Introduction: Caught by Politics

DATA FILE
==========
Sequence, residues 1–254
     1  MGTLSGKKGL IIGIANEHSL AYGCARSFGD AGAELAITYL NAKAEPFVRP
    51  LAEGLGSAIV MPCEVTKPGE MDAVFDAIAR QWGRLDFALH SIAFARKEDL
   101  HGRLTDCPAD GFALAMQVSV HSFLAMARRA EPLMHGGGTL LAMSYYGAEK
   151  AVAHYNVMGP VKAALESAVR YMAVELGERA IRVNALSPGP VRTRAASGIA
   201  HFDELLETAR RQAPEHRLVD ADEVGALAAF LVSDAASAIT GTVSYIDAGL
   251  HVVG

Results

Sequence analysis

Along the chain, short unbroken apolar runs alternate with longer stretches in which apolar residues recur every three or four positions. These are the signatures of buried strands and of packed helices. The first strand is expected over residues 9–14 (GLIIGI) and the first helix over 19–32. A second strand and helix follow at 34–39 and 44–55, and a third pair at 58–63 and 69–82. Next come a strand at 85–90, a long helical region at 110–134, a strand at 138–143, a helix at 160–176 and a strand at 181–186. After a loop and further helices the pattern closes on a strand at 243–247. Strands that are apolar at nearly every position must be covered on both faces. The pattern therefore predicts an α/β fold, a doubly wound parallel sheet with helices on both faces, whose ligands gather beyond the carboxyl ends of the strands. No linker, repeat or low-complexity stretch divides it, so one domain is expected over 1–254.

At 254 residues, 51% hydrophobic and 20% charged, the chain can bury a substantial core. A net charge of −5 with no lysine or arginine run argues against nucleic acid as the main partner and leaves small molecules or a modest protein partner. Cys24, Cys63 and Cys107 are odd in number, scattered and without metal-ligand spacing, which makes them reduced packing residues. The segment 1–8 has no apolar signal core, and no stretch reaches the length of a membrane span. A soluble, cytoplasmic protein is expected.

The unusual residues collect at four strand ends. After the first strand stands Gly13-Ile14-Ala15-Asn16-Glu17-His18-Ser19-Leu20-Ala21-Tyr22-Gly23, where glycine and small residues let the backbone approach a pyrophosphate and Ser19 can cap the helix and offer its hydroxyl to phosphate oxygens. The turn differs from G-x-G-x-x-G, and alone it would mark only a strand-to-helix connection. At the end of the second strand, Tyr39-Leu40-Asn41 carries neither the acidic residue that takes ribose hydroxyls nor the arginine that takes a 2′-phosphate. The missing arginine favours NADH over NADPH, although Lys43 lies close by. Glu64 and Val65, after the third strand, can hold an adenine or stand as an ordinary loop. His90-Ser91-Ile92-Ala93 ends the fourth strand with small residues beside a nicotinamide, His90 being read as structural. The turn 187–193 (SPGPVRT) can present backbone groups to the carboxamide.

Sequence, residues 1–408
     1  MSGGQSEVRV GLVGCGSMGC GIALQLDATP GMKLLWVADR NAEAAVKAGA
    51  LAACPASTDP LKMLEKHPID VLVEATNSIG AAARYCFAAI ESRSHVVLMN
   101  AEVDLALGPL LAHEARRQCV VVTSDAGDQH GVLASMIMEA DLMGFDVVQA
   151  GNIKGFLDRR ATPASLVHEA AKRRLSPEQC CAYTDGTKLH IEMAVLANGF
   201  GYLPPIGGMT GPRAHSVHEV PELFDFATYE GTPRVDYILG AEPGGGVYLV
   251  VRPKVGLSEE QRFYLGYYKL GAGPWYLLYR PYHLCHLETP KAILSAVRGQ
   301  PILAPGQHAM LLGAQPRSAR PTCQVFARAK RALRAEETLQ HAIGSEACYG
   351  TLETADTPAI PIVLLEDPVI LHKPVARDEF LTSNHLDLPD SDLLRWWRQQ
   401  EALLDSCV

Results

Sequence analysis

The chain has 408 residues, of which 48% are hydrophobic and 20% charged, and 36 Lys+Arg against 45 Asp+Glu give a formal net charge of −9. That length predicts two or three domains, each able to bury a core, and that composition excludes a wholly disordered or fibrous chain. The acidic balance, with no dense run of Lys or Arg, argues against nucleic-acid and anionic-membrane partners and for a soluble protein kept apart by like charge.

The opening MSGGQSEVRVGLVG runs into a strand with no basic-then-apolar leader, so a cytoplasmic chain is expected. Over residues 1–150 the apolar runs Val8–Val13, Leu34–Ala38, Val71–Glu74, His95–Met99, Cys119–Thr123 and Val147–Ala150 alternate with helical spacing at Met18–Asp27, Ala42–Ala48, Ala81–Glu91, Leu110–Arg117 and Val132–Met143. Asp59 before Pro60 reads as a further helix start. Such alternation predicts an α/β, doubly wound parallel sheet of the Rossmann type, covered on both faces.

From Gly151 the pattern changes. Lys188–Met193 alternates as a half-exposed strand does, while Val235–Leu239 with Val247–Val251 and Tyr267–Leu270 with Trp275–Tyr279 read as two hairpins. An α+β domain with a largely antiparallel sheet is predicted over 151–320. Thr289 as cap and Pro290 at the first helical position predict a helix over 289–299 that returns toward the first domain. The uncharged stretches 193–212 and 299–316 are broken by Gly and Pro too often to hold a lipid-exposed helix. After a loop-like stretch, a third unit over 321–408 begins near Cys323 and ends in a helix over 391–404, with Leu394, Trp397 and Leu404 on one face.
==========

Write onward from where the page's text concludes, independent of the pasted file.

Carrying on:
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The story has been told many times over, largely following one and the same model. An aspiring modernist artist gets caught in the web of Nazi persecution, not because of his or her political convictions but because of the Nazis’ hostility toward modernist experimentation and aesthetic self-reflexivity. In order to avoid the censorship of modernism, our artist either adapts a rather moderate artistic style or chooses the path of exile to escape future violence. The streams of forced and voluntary dislocation are manifold: they crisscross the maps of unoccupied Europe as much as those of the New World, Asia, and even Australia. Repeatedly, however, we find our artist stranded at either coast of North America, a nation that was initially largely ignorant of what happened on the other side of the Atlantic, yet later became one of the principle powers in overthrowing Hitler’s reign of terror.
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